Samson and Grace


One of the interesting dilemmas in the Bible is what is grace? Grace is usually defined as unmerited favor, that God, recognizing that we have nothing to offer Him, can only receive His love as a gift of grace – favor with Him because of love, not because of what we can do for Him for we have nothing to offer Him that He does not already own.


However, there is another aspect of grace that is not often talked about. In II Corinthians 12:9-10 we have the following quotation:

“And He said unto me, My grace is sufficient for thee: for My strength (grace) is made perfect in weakness. Most gladly therefore will I rather glory in my infirmities, that the power (grace) of Christ may rest upon me. Therefore I take pleasure in infirmities, in reproaches, in necessities, in persecutions, in distresses for Christ’s sake: for when I am weak (grace/powerless) then I am strong.”

As we can see in the above text the issue of grace/power is dependent upon whether we can recognize our need of the power of God. When we are weak, and we know it, then we can seek strength from God.


Another text along the same line is that of II Timothy 2:1. In this text Jesus says:

“Thou therefore, My son, be strong in the grace that is in Christ Jesus.”

In this text we are again notified that strength comes from the grace of Jesus.


In the story of Samson we see what happens to the grace of Jesus in His relationship with Samson. No amount of warning from his parents was enough to get Samson’s attention (Judges 14:3) about getting into dangerous relationships. No number of soldiers was sufficient to help Samson to be discreet. No amount of close calls was sufficient to stop Samson from indulging his appetites Judges 16. Finally it appears that Jesus had to allow Samson to fall from grace (I Timothy 1:19; I Timothy 5:19). It appears that Samson had grown so self confident in his perceptions of “his” power that he had forgotten where power/grace comes from. Only Jesus Himself could have empowered a man to do the things that Samson had done. But when we count a gift to be of small value, or we think that the gift is ours without reserve, and we forget Who it came from and why it came from Him, then we are in danger of falling due to our pride (I Corinthians 10:12).  As a result of Samson’s “cavalier” attitude he did not know that Jesus had departed from him (Judges 16:20).  Now it is interesting to think of these things for Jesus says that He will never leave us nor forsake us (Hebrews 13:5). So since Jesus will not leave us or forsake us then that would indicate that no change had taken place in the mind of Christ, but that a great deal of change had taken place in the mind of Samson. Samson had forgotten that all of his power came as a gift of grace from Jesus. To continue to receive the gift one would have to stay in relationship with Jesus. To take ones eyes off of Jesus we begin to sink (Matthew 14:28-31) or fall from grace.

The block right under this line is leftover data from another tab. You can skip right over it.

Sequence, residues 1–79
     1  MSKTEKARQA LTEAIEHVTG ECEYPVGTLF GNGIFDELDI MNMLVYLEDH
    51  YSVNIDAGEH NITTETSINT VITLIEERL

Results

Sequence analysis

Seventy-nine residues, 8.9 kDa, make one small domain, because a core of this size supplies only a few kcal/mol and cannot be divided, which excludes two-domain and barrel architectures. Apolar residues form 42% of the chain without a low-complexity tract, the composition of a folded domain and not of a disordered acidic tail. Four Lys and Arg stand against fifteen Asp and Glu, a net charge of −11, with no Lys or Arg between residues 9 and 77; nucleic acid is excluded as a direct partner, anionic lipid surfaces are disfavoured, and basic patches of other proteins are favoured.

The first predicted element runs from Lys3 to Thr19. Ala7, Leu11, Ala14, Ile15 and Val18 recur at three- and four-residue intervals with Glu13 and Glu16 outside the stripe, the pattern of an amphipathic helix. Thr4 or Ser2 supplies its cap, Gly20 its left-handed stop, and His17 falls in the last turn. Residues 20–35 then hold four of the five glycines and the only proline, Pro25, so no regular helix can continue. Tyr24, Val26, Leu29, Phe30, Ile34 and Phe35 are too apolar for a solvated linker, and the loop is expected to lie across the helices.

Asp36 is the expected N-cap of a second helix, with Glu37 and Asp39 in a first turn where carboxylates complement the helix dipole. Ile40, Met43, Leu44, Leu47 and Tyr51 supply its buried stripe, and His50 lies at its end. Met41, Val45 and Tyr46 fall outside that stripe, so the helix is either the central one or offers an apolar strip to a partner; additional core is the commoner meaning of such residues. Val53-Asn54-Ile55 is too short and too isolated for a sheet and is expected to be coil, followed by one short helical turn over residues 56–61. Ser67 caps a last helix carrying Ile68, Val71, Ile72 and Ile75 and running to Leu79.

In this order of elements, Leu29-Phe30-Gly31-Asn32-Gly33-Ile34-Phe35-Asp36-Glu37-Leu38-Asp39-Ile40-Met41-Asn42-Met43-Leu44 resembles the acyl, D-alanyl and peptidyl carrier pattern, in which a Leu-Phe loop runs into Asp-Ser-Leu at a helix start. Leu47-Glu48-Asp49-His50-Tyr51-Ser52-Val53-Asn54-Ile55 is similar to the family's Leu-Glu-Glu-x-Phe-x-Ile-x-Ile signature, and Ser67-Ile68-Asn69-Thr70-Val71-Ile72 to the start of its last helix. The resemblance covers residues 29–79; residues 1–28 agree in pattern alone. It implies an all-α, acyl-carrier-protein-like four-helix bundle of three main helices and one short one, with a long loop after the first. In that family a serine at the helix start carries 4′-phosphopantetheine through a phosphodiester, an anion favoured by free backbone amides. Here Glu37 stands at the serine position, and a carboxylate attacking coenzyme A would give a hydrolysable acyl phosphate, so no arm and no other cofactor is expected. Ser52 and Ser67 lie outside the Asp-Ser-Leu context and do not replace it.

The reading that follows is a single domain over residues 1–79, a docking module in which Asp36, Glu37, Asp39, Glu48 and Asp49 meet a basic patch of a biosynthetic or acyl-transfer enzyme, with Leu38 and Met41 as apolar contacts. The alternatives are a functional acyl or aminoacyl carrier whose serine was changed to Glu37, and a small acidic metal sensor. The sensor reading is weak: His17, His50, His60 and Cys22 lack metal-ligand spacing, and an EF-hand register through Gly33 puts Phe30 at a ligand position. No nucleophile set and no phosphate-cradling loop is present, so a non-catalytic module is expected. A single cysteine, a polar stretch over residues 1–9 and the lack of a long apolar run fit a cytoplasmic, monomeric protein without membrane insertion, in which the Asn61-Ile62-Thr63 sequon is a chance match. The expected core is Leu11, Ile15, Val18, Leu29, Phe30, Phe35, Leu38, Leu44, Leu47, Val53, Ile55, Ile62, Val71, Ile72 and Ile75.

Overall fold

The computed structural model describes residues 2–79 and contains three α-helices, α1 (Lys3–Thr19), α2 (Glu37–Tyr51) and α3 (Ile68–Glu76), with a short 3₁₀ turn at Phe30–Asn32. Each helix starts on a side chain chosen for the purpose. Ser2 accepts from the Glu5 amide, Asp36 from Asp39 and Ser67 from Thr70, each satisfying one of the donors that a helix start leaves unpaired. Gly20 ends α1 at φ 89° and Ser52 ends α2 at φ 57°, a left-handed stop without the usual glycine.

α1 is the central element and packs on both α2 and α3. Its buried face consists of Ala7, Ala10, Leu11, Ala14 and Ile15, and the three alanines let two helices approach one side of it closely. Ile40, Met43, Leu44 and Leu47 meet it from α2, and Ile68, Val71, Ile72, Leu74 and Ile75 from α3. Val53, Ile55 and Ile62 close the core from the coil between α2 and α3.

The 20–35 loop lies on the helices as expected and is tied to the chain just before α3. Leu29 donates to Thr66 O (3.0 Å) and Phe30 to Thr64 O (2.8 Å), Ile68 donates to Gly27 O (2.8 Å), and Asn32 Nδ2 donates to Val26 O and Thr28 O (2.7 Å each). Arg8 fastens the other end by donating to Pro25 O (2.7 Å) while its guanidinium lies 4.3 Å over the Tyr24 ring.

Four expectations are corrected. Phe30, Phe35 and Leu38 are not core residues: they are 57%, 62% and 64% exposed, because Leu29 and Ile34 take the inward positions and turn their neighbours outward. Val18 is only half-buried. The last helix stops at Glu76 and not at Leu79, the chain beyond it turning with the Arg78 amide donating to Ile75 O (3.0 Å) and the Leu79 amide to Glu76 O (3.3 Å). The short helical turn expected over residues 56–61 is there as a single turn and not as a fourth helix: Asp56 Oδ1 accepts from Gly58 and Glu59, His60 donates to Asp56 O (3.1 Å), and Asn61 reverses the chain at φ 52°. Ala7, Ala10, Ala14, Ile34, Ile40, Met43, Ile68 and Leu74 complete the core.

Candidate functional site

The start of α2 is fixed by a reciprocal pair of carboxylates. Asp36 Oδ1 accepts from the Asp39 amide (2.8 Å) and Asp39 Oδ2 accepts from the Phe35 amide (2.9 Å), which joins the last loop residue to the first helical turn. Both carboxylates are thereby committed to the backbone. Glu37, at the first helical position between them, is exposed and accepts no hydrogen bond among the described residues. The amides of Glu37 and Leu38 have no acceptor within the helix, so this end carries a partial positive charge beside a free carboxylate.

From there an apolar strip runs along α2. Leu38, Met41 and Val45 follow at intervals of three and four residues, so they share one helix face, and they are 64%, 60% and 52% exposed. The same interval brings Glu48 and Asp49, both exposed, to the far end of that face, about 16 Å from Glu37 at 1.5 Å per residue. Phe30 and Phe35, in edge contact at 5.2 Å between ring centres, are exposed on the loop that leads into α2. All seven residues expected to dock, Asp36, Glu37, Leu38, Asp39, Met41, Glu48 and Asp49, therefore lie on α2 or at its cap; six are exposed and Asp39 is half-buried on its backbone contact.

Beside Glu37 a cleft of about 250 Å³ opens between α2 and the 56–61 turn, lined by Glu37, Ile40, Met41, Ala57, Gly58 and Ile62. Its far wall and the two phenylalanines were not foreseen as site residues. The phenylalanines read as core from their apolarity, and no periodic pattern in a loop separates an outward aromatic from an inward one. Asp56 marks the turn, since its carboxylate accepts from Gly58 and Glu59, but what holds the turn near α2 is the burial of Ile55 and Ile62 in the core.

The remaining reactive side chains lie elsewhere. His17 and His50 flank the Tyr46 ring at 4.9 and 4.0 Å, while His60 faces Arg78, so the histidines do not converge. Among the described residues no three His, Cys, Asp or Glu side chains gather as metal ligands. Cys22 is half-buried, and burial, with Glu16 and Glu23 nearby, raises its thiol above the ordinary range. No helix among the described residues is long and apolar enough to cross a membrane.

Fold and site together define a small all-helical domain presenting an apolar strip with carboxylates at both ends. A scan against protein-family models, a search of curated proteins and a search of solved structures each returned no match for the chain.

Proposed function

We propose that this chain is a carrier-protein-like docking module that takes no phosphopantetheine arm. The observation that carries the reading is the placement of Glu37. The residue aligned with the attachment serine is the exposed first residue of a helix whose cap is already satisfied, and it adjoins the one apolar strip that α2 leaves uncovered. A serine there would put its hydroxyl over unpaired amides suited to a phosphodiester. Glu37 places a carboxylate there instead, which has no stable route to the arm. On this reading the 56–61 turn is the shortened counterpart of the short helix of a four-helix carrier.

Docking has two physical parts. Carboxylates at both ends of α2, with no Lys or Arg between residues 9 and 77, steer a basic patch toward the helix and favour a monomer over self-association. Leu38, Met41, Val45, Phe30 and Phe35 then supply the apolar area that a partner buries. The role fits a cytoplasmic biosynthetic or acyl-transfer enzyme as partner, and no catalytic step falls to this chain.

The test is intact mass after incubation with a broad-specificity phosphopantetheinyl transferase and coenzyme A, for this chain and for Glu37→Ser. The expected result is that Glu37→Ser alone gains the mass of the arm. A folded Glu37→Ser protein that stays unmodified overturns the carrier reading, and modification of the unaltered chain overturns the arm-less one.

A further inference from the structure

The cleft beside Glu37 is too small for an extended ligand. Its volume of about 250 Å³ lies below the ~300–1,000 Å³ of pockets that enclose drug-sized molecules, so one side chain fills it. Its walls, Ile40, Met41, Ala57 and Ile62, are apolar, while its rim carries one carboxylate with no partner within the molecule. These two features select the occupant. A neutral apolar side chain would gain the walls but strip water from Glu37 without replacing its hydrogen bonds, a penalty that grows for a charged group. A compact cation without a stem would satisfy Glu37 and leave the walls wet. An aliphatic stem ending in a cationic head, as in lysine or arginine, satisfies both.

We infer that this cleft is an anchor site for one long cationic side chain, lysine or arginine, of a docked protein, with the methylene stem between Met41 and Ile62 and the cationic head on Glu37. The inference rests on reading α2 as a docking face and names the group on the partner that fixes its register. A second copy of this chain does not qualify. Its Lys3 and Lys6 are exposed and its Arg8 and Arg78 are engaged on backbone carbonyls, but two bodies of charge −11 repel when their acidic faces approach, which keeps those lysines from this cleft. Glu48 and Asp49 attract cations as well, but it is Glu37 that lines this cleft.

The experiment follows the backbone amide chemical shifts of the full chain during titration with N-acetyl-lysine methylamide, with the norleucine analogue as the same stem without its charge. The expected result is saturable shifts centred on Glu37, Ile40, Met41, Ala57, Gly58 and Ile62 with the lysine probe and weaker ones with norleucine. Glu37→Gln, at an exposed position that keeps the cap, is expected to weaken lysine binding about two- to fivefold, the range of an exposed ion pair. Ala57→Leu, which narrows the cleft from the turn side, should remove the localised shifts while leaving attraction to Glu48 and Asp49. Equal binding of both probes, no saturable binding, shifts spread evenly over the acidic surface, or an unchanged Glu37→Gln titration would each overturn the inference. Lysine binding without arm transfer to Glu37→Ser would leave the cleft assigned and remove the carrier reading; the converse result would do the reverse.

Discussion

We know from the story of Samson to fall from grace does not mean that one has to stay that way. Jesus assures us that He is always interested in us, even though we are not always interested in Him (Jeremiah 31:3). Not only that, but Jesus says that if we get lost He will seek us out (Luke 15:4-7). So in the case with Samson, he fell but Jesus did not give up on him. Jesus continued to communicate with Samson and even though fallen, and wounded, Samson began to grasp the idea that the power of God is greater than the power of men. Samson repented and asked for help from Jesus. He came to his senses (Luke 15:16-24) and Jesus blessed him again with His unchanging love. He blessed Samson with the faith to ask Him for another gift, even though he did not deserve the gift, yet by faith he asked for the gift of strength and Jesus granted him supernatural strength to pull down Satan’s temple. The great testimony of Samson was not that he was strong, or that he had turned away from God when he felt strong. The greatest testimony of Samson was that when he was weak, and full of guilt, and Satan was relating to him all of his sins, something we are all familiar with, but that even when he was weak he understood God. Samson knew who it was who had left the covenant relationship and he knew that it was not God. Samson also knew that Jesus was loving and full of grace – full of love, full of power, and full of forgiveness. The greatest miracle in the book of Samson was that he called out to God again and God was right by his side, ready to respond in a moment. Samson called out in his great need, and Jesus responded to Samson’s great need. Grace was fully there, and fully ready to respond to the great need of Samson, and to the great need of those of us who love the gospel story of Samson.